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Core Proprietary Process

Hoskinson’s solution emphasizes utilizing advanced mechanisms to control emissions, incorporating innovative technologies to minimize pollutants, and ultimately achieving a cleaner oxidation process that outperforms traditional mass-burn incinerators.

Hoskinson's Pyrolytic gasification technology

Hoskinson's Pyrolitic Gasification facility, 1996

Hoskinson’s fully integrated Waste-to-Energy (WtE) operations change this status quo dramatically, where waste- such as forestry, agricultural, industrial, and just about any other waste with a thermal value- can be used as fuel to generate clean and responsible power for thousands of homes and businesses for generations to come. The entire Facility operates 24-7 with minimal downtime for maintenance. The system is modular and scalable by design. The process of producing electricity from waste is comprised of four major steps:

The Stages

Waste Receiving and Conditioning 


The process begins after the garbage truck is weighed.  The contents are dumped into the recycling operations section of the WtE Facility, where large or hazardous items are removed for recycling and proper disposal.


The balance of the material is then shredded and processed through a combination of automated separating and recycling machinery and manual labor stationed along a series of conveyor belts, which obtain both RDF (Refuse Derived Fuel) material and recyclable material.  This part of the process removes much of the metals, glass, and other non-combustible materials and objects inappropriate for introduction into the gasification chamber of the WtE plant.


Recycled material is packaged and prepared for shipment out of the Facility at regular intervals. 


The remaining waste is then stored in a staging area inside the building, where it is prepared for the WtE plant.  The RDF is continuously and automatically loaded into the augers that introduce the waste into the main primary Pyrolytic Gasification chamber.

Syngas Creation

The waste is gasified in the primary chamber into a synthetic gas or “syngas” that contains a highly combustible mixture of primarily CO, H2, and other hydrocarbons.  The waste continuously moves to the rear of the primary chamber until it is consumed.  The primary chamber operates in an oxygen-starved or substoichiometric environment that minimizes oxidation of the syngas at this point.

Syngas Oxidation

The syngas then move from the top of the primary chamber to the secondary chamber, where an additional regulated amount of air is added to the syngas flow.  While the syngas could be cleaned at this point and introduced into conventional combustion engines, the syngas is oxidized in the secondary chamber more efficiently, where temperatures may approach 2,300°F.  This is where additional thermal oxidation reactions occur, with trace amounts of super-heated steam in the waste.  This highly exothermic reaction generates a tremendous amount of heat captured by integrated boiler tubes.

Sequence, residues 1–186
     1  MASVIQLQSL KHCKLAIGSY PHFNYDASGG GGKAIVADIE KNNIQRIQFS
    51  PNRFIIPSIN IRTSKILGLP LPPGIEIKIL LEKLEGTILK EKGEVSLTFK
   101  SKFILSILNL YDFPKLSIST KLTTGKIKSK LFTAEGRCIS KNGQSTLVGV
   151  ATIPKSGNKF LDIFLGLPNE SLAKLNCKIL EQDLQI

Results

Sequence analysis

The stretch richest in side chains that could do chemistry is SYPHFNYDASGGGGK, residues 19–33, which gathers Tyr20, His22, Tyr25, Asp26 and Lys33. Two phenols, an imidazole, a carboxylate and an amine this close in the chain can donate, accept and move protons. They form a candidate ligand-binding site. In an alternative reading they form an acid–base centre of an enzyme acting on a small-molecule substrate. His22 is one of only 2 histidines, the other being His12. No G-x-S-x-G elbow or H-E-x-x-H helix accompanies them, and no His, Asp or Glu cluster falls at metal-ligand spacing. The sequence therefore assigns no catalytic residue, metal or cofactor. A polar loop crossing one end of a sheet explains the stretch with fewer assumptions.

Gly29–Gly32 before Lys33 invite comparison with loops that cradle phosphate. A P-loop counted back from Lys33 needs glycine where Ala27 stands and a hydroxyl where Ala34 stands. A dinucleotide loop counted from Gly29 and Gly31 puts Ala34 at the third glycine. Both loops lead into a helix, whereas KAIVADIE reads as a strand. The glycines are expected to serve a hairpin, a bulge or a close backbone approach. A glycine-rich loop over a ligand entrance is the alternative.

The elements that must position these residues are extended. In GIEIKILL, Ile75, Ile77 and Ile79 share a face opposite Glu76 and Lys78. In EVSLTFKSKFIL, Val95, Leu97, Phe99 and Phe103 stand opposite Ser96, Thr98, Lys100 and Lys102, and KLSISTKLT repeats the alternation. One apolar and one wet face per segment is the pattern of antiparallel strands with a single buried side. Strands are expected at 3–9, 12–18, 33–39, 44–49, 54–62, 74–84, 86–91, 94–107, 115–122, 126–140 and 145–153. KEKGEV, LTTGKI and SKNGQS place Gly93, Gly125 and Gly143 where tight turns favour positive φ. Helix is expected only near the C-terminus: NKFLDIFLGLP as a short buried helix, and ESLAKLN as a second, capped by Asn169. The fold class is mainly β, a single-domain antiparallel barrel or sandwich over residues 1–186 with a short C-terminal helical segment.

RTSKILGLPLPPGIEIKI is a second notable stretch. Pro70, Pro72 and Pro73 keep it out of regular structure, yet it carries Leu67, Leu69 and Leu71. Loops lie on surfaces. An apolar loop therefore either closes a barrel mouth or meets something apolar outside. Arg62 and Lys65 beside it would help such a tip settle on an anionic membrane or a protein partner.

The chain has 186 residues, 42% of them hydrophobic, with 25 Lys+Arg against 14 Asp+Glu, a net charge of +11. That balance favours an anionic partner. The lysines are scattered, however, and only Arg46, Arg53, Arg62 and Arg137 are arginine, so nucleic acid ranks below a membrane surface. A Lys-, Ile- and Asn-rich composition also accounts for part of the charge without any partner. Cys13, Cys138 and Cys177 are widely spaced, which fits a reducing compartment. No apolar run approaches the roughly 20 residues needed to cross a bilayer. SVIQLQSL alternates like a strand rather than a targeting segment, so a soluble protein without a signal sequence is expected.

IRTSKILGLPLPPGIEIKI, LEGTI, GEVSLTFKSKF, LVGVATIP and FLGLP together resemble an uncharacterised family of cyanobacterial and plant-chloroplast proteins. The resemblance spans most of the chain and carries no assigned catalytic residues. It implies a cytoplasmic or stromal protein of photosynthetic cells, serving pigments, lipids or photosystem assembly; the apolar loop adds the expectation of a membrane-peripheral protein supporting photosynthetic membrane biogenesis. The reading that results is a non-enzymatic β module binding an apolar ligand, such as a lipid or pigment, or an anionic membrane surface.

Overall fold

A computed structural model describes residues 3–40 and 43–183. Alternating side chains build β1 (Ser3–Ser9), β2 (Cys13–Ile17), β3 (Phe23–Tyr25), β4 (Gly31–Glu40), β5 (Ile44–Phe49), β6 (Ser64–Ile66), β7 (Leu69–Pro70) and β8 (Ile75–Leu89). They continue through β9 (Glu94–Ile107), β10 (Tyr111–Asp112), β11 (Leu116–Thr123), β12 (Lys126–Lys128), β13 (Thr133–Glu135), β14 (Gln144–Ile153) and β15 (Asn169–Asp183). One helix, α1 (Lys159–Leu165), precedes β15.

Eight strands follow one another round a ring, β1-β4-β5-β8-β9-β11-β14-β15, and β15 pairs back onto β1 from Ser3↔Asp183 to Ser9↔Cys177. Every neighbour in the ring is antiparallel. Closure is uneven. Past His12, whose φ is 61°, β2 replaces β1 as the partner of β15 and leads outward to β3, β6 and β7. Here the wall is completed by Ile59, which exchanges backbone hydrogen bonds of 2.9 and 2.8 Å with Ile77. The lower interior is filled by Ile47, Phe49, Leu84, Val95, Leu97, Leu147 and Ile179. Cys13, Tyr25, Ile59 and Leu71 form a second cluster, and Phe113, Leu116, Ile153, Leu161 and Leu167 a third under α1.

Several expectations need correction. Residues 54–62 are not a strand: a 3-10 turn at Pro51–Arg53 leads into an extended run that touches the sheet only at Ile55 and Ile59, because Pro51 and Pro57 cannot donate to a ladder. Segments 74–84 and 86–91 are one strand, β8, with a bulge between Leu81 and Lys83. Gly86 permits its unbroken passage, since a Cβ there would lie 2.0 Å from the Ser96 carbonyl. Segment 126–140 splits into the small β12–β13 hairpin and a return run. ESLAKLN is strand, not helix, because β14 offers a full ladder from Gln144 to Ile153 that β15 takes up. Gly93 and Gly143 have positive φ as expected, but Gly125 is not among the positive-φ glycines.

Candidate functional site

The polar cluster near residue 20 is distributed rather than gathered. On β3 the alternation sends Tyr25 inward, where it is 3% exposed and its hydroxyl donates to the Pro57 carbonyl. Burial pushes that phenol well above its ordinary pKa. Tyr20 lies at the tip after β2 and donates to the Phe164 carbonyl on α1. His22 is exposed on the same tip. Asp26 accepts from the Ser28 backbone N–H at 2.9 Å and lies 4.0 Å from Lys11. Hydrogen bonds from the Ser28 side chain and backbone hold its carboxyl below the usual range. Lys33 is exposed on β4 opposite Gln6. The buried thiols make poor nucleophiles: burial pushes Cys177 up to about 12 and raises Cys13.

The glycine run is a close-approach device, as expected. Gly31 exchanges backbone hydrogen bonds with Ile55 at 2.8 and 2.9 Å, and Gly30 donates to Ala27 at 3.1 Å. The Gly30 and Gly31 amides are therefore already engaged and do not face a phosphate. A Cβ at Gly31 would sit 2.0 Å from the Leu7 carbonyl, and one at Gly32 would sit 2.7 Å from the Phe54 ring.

Power Production

These boiler tubes generate superheated steam under moderate pressures and temperatures.  This steam is regulated and introduced into the turbine/generator set, which spins and creates the electric current. 


The exhaust steam is condensed and reintroduced into the boilers for reheating.  The condenser, generator, and other parts of the plant are often air-cooled, substantially reducing the amount of water the Facility needs to operate.


It is required to specify the necessary components to meet or exceed the air quality standards of either the USEPA or the EU for a plant of this type and scale. 

The exhaust gas from the secondary chamber then enters the air quality control system (AQC system).  The collecting module uses state-of-the-art catalytic ceramic filter elements with infused nano-sized catalysts for substantial NOx reduction and removing other substances that may be present, such as mercury, acid gases, particulate matter, and trace amounts of dioxin/furans.  Most of the acid gas present is in the form of HCl reduction.  Methane captured by the existing landfill and/or other volatile gases that would otherwise spew into the atmosphere can also be piped into The Hoskinson WtE plant and used as auxiliary fuel.

Chart outlines the process of breaking down trash to energy

Our Technology

Facility Sustainable Operations

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